Global financial markets were on edge this week, reacting to events outside the U.S. as geopolitical tensions increased in Ukraine and in the Middle East. Concern spread that Europe’s economic recovery may be stalling. China and Japan also appear to be vulnerable to a loss of momentum.
Within the U.S. we continue to see generally favorable economic data. The U.S. trade gap narrowed by more than expected to -$41.5 billion in June. This implies a small upward revision to Q2 GDP growth, in the neighborhood of 0.3 percent. Energy continues to exert a positive influence on the balance of trade. Net trade in petroleum has improved from a -$24.0 billion balance in January 2013 to -$14.7 billion this June, with both gains in exports and reductions to imports.
The July ISM Non-Manufacturing Index climbed into record territory for its short life. Since its introduction in January 2008, the ISM NMF index has never been as high as it was in July, at 58.7 percent, indicating strongly improving conditions in the service sector. All ten sub-indexes were above 50.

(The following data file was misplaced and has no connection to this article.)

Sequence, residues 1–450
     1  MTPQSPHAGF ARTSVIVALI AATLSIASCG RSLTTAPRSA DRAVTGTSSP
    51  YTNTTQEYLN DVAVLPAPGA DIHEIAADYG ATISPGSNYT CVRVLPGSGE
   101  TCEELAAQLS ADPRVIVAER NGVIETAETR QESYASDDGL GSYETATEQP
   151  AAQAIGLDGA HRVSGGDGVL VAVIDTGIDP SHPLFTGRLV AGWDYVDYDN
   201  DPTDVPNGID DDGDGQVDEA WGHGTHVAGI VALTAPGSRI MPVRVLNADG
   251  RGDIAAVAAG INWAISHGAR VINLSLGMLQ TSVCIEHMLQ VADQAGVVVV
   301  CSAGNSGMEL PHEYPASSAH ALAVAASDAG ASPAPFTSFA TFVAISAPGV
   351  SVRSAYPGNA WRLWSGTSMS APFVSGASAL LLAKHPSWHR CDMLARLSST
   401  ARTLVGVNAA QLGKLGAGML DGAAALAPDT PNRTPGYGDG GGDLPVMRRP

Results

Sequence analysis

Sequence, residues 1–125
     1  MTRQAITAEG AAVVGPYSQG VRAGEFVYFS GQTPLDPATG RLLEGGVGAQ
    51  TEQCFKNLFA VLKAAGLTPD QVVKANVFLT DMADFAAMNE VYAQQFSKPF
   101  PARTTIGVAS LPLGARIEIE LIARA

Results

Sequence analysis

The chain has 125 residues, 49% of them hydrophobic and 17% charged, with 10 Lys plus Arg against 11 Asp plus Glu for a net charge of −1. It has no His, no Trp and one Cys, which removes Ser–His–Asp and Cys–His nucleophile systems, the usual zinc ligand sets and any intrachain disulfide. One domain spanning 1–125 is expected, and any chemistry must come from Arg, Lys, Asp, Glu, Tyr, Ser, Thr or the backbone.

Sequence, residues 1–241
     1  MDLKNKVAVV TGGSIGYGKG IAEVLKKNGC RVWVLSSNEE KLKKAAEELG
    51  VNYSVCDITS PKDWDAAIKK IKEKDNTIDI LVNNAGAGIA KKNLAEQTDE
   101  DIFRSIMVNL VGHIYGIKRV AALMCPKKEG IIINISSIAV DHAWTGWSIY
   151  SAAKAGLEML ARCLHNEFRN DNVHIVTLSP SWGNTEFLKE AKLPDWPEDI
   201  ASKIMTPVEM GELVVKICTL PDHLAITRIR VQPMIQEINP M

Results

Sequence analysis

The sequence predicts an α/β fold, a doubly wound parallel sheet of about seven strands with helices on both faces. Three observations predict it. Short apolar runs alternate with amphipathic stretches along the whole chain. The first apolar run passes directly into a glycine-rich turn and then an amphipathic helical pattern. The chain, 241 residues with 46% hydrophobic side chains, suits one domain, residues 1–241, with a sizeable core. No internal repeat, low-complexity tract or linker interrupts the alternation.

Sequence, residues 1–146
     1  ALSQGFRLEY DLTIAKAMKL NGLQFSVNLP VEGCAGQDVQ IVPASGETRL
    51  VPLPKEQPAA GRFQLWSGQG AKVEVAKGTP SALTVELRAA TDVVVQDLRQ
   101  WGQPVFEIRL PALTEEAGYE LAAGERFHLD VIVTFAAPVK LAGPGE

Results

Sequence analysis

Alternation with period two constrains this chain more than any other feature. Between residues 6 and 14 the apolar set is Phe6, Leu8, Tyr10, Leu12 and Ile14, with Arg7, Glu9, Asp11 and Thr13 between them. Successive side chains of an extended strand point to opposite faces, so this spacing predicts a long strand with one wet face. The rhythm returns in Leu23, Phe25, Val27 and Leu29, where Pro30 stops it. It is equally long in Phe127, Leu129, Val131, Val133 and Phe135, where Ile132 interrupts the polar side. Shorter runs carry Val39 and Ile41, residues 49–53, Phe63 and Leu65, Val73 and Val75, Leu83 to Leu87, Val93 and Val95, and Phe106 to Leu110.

The Mortgage Bankers’ Association Composite Mortgage Applications Index ticked up by 1.6 percent for the week ending August 1. The gain came from refis, up 3.8 percent. Mortgage apps for purchase dipped by 1.3 percent, continuing a soft trend through July and indicating a lackluster start to home sales in August.
Initial claims for unemployment insurance fell by 14,000 to hit a very low 289,000 for the week ending August 2. Continuing claims were also low, falling by 24,000 to hit 2,518,000 for the week ending July 26.
Nonfarm business productivity bounced back in Q2, at a 2.5 percent annual rate, after falling at a 4.5 percent rate in Q1. Productivity appears to be on a gradual improving trend and will be helped by increasing business investment this year.
For a PDF version of the Comerica Economic Weekly, including forecast tables and the variables calendar, click here: CMAEconWeekly 08-08-14.